Start with constraints:
- Bind your story within the margins of a detailed historical event. A Gestapo agent with a pathetic remnant of a prewar conscience barely flickering in his breast, suspects that an SS officer is murdering his colleagues and making it look like the work of partisans. Weave your story into the fabric of the final days of the destruction of the Warsaw ghetto with a three-way dénouement between the killer, the doomed but heroic militant Polish Jews, and the Gestapo agent in the sewers beneath the city. Thorough research will provide most of the structure you need.
- Bind your story within the biographical details of real people. My short story, “Conduct Unbecoming,” uses the teenage Bernard Hermann (future composer of cinematic scores such as Psycho) and his friend Abraham Polonsky (future blacklisted film noir director) in a murder mystery at Carnegie Hall. The story relies on getting their distinctive personalities, characters, and foreshadowed destinies to drive the plot.
- Bind your story within the formulas and tropes of genre and pastiche (I use “pastiche” to mean a faithful attempt to duplicate the style of the original rather than a disrespectful parody of the original). Andrew Kahn defines genre fiction as that which, “offers readers more or less what they would expect upon the basis of having read similar books before.” The same definition applies to genuine pastiches. To get a story going, you could choose the subgenre of the inverted detective story; you start knowing who done it, with the crime laid out in detail, then watch the detective try to detect the villain’s inevitable tiny mistake. Every Colombo follows this pattern.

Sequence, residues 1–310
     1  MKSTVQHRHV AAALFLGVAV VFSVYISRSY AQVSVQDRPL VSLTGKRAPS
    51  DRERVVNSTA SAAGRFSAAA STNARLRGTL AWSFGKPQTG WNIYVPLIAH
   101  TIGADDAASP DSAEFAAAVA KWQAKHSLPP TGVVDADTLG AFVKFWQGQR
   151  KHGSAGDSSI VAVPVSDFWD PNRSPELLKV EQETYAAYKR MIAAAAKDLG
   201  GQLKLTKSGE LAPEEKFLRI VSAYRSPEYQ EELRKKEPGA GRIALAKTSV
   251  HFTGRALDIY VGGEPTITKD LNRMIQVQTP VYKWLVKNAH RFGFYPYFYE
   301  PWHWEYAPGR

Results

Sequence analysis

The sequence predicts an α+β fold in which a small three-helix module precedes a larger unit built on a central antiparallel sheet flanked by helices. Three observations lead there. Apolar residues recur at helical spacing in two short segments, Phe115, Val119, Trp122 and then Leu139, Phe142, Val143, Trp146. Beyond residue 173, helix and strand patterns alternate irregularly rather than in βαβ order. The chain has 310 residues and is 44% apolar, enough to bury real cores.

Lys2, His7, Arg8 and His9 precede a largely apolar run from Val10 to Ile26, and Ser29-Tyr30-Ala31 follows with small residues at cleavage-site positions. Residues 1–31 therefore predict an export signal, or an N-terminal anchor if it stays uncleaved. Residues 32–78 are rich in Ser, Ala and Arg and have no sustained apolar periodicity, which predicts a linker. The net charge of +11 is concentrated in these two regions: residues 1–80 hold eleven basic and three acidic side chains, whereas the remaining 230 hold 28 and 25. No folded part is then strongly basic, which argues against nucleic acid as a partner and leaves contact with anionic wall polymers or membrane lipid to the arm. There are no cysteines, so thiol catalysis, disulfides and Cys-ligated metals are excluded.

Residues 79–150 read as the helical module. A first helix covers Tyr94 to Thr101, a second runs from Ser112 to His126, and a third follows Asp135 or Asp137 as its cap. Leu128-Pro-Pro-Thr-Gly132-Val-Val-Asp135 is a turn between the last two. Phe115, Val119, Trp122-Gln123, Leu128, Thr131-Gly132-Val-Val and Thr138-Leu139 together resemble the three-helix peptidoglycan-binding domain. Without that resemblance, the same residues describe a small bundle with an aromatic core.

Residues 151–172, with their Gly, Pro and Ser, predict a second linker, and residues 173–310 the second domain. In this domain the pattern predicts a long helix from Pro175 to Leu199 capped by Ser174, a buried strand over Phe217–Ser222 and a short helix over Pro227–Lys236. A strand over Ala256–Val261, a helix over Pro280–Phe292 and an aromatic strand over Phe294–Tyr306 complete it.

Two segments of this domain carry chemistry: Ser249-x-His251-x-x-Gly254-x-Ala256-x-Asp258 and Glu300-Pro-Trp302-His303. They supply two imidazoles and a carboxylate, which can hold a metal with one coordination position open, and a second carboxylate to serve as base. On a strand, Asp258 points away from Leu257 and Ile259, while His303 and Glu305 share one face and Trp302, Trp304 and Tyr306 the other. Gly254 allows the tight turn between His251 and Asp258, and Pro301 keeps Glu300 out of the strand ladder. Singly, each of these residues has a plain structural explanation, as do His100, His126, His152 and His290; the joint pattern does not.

Pastiche is even more constrained and therefore yields more structural guidance. To successfully write a Star Trek novel you must follow a detailed “bible” provided by Paramount and Pocket Books. The active supervision by a fiercely protective franchise overseer will make sure you do no harm to their valuable franchise. You must weave your story into a future history that
includes every detail of the TV shows, movies, cartoons, and several hundred other novels by dozens of other writers. You are expected to make your characters conform to the speech patterns of the actors who played those characters, know those characters’ entire life stories, and not cause continuity issues with dozens of ongoing and future works. You must abide by all the established scientific norms already in place. All stories have to be in third person with the inner thoughts of the main characters revealed. You must write a classic A, B, C interleaved plot where each thread is thematically linked. The novel must conform to Gene Roddenberry’s optimistic and moral vision.
Want to write a new Perry Mason novel? Better use Erle Stanley Gardner’s invariable formula for all 84 of his novels: Mason takes the case of an innocent accused of a crime. The cops and DA build a devastating case. Mason, his detective, Paul Drake, and his secretary, Della Street, investigate. Mason usually risks his career and/or his life in finding, or manufacturing, an alternate explanation. During the trial, Mason flips the damning evidence into a new configuration, often prompting the real culprit to confess.
What happens when you fail to follow the formulas or change the personalities of the characters from established canon? You anger and alienate your most devoted audience. No genuine Dark Shadows fan will ever forgive Timothy Burton for spitting on their desire for a serious film. The major plot twist of the first Mission Impossible movie still pisses me off.
- Bind your story with what Joss Whedon calls backshadowing. Put a plot teaser in just because it’s cool, play with it a little more over time, and then, if it becomes interesting enough, work it into the main plot. In the Buffy the Vampire Slayer episode, “The Wish,” Cordelia wishes for a world without Buffy. In this evil alternate reality, Willow confronts a vicious vampire version of herself who is also unambiguously gay. This was well in advance of Whedon’s decision to make Willow a lesbian. In retrospect, it makes Whedon look like a long-range plotter and master of foreshadowing, when in fact it was a bit of backshadowing.